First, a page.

Sundance 2015 Review: WHAT HAPPENED, MISS SIMONE?
She approaches the piano with a regality that's startling, her eyes piercing the crowd and her shoulders locked in an almost feline repose. She places a hand on the grand piano sat in front of her and looks out, in a mix of anger and determination, at the cheering crowd. She mumbles an apology about being away for a while, and then sets her hands at the keys of the piano, running along them with astonishing rapidity. Her voice isn't quite as rich and piercing as it once was, but it's a voice that sings with conviction. Its timbre is smokey, its effect intoxicating.
And so, almost out of time, Nina Simone once again commands our attention, decades after this show, years after her death.
The title What happened, Miss Simone? comes from a Maya Angelou poem, and it turns out it's a perfect query to situate the film. More than just a music doc, Liz Garbus' film feels as much a cultural excavation as it does a showcase for an almost immeasurable talent. A classically-trained and gifted musican who reluctantly turned to pop/soul in order to make a living, Simone defies easy classification. For those unaware of her trajectory, the film will appear at times almost fanciful, as if all things couldn't have possibly happened in one lifetime.
On a strictly musical level, Garbus does a remarkable job at showing Simone's talent. A few of the clips are just bonkers; a rendition of "Ain't Got No" from the musical Hair literally made me gasp. As a fan of her music, I still was surprised by many of her diversions that I was unaware of. For the uninitiated, raised on a diet of autotune and digital sequencing, Simone's impeccable musicianship will both humble and enthrall.
Like the best music docs, movies where the tunes aren't doing the heavy lifting, there's much to admire about the film. The complex relationship between Simone and those around her -- her husband, her fans, her daughter, herself -- is explored with both sympathy and respect for the truth of the situation. The story told of Miss Simone makes her no poster child, with serious struggles and moments of hostility that, in retrospect, are positively barbaric. Yet these aspects shape both the woman and the music, and the film does well to shed light on the darkest parts of her life.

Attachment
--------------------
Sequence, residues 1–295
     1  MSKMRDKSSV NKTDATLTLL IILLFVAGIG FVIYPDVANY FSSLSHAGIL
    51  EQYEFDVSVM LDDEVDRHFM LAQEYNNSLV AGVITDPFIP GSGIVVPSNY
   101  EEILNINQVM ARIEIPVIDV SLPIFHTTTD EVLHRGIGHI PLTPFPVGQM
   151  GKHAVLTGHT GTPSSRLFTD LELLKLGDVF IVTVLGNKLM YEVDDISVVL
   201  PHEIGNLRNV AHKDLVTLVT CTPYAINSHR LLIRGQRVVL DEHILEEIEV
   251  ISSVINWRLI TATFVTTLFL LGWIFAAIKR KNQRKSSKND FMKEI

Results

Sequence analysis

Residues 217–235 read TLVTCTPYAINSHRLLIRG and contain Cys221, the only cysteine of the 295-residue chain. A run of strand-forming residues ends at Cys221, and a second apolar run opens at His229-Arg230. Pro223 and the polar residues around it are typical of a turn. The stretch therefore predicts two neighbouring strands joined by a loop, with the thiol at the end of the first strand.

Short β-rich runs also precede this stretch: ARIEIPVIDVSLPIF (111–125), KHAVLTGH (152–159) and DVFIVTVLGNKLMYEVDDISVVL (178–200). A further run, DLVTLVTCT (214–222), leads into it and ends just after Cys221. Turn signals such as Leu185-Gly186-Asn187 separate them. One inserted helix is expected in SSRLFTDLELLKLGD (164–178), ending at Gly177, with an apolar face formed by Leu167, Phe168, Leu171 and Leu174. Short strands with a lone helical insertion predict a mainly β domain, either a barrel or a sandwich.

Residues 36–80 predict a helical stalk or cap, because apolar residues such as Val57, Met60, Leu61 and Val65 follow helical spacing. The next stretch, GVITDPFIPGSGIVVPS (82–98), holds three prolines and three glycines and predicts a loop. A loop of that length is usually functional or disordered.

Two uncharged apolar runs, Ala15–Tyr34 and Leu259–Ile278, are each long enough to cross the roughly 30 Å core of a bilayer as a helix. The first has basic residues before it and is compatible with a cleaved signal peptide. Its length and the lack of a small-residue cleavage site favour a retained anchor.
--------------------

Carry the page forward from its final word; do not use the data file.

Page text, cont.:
Yes, it's a talking head documentary peppered with performance footage, but the scope of her life and the unworldly talent on display makes the canvas of a cinema screen the ideal vantage to experience the film. With her Bach-infused licks, bluesy voice, and a team of world-class back-up musicians, this is a treasure trove of performances, each seemingly topping the next. Still, the tale of abuse, both physical and mental, is related with great delicacy. Simone's own words from her diary provide an intimacy that's at times shocking, giving the film a moral ambivalence and sophistication that's rare.
Simone's star has faded somewhat as tastes have changed. Her performances are almost too pure, her songs embracing jazz, blues, pop and classical with a perfection and impeccability that on first listen may lack a "funk" that sets it apart within a modern idiom. If the film accomplishes nothing else, it may provide for new generations an insight into a titanic talent, one that was in part allowed to grow fallow by the woman to whom it was given.
As the title asks, What Happened, Miss Simone? A hell of a lot, and this film does wonders to showcase her life in a sensitive and provocative way.